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You just start on a task and the phone rings with some urgent matter dumped on you from a co-worker or a cus­tomer. Then a hot email comes in that needs immediate attention. Then your boss assigns you some chore that has to be done by tomorrow or the world as we know it will end. Then the phone rings again, followed by an instant message from a colleague wondering where you are for the meeting that started five minutes ago, just as one of your direct reports comes in yammering about the disagreement he just had with another department. Finally the end of the workday comes and you’ve accomplished—nothing. Or at least that’s the way it feels.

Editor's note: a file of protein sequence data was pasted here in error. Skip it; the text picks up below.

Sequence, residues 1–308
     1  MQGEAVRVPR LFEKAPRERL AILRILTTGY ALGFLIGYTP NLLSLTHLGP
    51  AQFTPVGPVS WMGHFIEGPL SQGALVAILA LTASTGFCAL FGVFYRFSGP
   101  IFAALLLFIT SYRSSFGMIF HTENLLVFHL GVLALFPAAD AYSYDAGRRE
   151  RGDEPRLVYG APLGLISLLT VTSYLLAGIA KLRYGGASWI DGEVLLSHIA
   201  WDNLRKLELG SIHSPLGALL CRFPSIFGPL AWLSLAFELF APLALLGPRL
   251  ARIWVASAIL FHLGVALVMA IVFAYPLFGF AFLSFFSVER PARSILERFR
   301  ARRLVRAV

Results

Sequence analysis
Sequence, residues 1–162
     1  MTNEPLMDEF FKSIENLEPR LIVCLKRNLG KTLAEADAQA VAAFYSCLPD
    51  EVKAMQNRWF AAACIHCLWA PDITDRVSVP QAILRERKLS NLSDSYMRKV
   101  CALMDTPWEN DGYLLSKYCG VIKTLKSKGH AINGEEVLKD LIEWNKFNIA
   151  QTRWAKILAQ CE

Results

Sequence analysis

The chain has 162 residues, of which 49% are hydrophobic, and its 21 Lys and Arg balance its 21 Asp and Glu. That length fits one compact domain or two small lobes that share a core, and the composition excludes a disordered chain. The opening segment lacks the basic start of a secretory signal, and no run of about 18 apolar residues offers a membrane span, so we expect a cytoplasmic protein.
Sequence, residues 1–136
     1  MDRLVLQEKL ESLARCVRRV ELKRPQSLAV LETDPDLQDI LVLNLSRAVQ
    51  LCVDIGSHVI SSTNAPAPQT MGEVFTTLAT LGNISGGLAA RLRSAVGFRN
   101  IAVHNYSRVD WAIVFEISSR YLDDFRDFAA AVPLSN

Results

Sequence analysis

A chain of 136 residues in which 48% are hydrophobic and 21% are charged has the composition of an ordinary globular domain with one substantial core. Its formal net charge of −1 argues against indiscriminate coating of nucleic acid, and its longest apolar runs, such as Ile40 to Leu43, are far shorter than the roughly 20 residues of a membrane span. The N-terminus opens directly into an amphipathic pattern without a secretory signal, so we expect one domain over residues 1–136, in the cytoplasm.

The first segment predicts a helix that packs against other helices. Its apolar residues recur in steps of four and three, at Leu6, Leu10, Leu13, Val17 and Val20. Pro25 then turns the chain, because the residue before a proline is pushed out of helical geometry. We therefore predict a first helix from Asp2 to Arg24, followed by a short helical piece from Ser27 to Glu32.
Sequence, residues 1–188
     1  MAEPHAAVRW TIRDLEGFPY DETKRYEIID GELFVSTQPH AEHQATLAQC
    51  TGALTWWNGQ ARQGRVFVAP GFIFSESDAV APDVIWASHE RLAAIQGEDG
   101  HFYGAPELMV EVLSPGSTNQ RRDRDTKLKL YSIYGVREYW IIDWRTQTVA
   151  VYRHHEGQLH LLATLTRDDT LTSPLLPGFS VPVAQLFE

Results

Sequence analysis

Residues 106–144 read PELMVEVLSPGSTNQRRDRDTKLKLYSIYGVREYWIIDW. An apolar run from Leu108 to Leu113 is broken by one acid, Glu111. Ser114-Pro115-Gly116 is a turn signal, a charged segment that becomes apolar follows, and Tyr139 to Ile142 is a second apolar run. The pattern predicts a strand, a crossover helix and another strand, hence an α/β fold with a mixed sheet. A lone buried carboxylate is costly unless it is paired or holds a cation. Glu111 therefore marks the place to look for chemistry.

If you’re too busy to do your job, there’s a good chance you’ve developed the habit to focus only on the immediate fire drill that’s in front of your face right now. From an overall company health perspective, that’s bad, as you forget to make the customer satisfied, forget to coach employees, forget about why the company hired you, and forget to improve your situation. You just want to get the cur­rent issue behind you so you can address the next issue in line. What a dreary existence.

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